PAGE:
Anglo-American Exchange in Postwar Sculpture, 1945-1975

Edited by Rebecca Peabody, with contributions by John C. Welchman, Pauline Rose, Jennifer Wulffson Bedford, Robert Slifkin, Jo Applin, Sarah Hamill, David J. Getsy, Courtney J. Martin, Alistair Rider, Joy Sleeman, Timothy D. Martin, Rebecca Zamora


190 pages

PDF file size: 36.5 MB


Anglo-American Exchange in Postwar Sculpture, 1945–1975 redresses an important art historical oversight. Histories of American and British sculpture are usually told separately, with artists and their work divided by nationality; yet such boundaries obscure a vibrant exchange of ideas, individuals, and aesthetic influences. In reality, the postwar art world saw dynamic interactions between British and American sculptors, critics, curators, teachers, and institutions. Using works of art as points of departure, this book explores the international movement of people, objects, and ideas, demonstrating the importance of Anglo-American exchange to the history of postwar sculpture.

Table of Contents

  • Foreword
    Antonia Boström, Penelope Curtis, Andrew Perchuk, Jon Wood
  • Introduction: Trajectories in Sculpture
    Rebecca Peabody
  • Object Relations: Transatlantic Exchanges on Sculpture and Culture, 1945–1975
    John C. Welchman
  • Henry Moore in America: The Role of Journalism and Photography
    Pauline Rose
  • “More Light and Less Heat”: The Intersection of Henry Seldis’s Art Criticism and the Career of Henry Moore in America
    Jennifer Wulffson Bedford
  • Now Man’s Bound to Fail, More
    Robert Slifkin
  • There’s a Sculpture on My Shoulder: Bruce McLean and the Anxiety of Influence
    Jo Applin
  • Polychrome in the Sixties: David Smith and Anthony Caro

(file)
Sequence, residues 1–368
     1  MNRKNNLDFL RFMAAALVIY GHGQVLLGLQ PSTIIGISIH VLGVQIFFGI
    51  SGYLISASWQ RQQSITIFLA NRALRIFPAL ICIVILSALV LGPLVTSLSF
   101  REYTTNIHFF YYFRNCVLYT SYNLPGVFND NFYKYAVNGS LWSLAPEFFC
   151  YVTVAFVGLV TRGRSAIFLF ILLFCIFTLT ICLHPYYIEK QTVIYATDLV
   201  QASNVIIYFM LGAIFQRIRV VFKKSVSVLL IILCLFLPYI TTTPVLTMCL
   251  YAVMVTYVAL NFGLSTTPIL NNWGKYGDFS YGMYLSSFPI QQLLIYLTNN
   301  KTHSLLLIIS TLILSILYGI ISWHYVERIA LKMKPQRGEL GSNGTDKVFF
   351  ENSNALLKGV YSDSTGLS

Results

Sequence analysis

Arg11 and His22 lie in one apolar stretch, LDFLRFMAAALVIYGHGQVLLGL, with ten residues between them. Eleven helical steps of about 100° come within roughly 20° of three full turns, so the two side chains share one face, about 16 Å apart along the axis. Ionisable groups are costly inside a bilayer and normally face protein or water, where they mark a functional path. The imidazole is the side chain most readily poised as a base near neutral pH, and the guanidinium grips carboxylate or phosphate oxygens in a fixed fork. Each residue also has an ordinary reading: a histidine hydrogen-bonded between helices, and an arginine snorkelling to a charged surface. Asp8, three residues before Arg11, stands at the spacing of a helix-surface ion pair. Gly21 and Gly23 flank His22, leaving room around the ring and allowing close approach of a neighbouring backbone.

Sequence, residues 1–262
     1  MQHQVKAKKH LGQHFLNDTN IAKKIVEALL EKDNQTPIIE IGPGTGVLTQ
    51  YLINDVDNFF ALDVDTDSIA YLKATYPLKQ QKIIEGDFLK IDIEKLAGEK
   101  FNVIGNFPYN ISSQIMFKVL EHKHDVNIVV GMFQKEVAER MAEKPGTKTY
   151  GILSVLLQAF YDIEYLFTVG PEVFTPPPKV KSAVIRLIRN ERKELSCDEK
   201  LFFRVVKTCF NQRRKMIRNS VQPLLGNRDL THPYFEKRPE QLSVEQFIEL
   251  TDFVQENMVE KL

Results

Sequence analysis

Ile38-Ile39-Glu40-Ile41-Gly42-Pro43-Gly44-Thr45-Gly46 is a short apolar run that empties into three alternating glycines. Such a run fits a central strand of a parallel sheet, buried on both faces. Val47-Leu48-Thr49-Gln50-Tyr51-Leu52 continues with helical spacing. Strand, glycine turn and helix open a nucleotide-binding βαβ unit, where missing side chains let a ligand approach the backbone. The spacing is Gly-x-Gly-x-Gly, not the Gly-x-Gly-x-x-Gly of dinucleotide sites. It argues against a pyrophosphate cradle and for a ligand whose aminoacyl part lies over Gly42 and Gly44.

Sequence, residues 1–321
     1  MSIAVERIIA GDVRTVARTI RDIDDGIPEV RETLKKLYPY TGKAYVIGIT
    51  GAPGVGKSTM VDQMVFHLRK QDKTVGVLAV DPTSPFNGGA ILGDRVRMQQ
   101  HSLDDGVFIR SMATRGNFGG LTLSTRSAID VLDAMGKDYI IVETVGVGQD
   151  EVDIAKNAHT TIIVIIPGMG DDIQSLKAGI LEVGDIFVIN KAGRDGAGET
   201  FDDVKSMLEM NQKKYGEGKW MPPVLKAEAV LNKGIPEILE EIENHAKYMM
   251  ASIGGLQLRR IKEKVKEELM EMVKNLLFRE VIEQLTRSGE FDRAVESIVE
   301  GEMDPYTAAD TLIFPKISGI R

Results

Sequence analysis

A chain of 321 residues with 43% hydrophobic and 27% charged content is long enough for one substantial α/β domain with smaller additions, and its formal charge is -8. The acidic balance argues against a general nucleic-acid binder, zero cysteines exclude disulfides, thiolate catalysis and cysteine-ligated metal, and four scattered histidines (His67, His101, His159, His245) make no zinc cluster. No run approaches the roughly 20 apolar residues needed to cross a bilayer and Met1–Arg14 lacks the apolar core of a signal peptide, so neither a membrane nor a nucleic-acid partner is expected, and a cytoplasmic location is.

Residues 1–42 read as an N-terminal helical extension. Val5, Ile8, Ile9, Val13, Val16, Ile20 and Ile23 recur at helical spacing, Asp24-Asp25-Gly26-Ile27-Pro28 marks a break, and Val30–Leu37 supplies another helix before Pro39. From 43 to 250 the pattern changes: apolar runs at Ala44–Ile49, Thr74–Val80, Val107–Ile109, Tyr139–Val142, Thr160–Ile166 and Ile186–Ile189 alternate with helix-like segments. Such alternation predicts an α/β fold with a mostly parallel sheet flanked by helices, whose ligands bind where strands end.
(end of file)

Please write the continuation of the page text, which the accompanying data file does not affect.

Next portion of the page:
Sarah Hamill
  • Tactility or Opticality, Henry Moore or David Smith: Herbert Read and Clement Greenberg on The Art of Sculpture, 1956
    David J. Getsy
  • “Non-compositional and Non-hierarchical”: Rasheed Araeen’s Search for the Conceptual and the Political in British Sculpture
    Courtney J. Martin
  • The “Curve over the Crest of the Hill”: Carl Andre and Richard Long
    Alistair Rider
  • “Like Two Guys Discovering Neptune”: Transatlantic Dialogues in the Emergence of Land Art
    Joy Sleeman
  • Robert Smithson and the Anglo-American Picturesque
    Timothy D. Martin
  • Contributors’ Biographies
  • Selected Bibliography

About the Authors

Jo Applin is Lecturer in Modern and Contemporary Art at the University of York, England. She specializes in postwar American and European art, and is completing a book Eccentric Objects: Rethinking Sculpture in 1960s America. She has published on this and related topics in journals, including Art History, Art Journal, Tate Papers, and Parallax. She is currently researching the work of Lee Lozano and writing a book on a single work by Yayoi Kusama for Afterall/MIT Press.

Jennifer Wulffson Bedford is currently Lecturer in Art History at The Ohio State University. She was formerly the senior editor of the Bibliography of the History of Art at the Getty Research Institute. She presented the paper “Kramer versus Kramer” on Hilton Kramer’s criticism of Henry Moore’s work at the New Approaches to British Art symposium held at the Courtauld Institute of Art in June 2010.

David Getsy is Goldabelle McComb Finn Distinguished Professor in Art History at the School of the Art Institute of Chicago. He is the author of Rodin: Sex and the Making of Modern Sculpture (Yale University Press, 2010) and Body Doubles: Sculpture in Britain, 1877–1905 (Yale University Press, 2004). He is also editor of the anthologies From Diversion to Subversion: Games, Play, and Twentieth Century Art (Penn State University Press, 2011) and Sculpture and the Pursuit of a Modern Ideal in Britain, c. 1880–1930 (Ashgate, 2004).

Sarah Hamill is Assistant Professor of Modern and Contemporary Art at Oberlin College. Her research explores the intersections between sculpture and photography, and the politics of display. She is the author of an article on contemporary photography and sculpture published in Camerawork, 2009, and of David Smith: Works, Writings, Interviews (Ediciones Polígrafa, forthcoming in spring 2011). Her book on Smith’s photography, David Smith in Two Dimensions: Sculpture, Photography, and Space, is forthcoming from the University of California Press.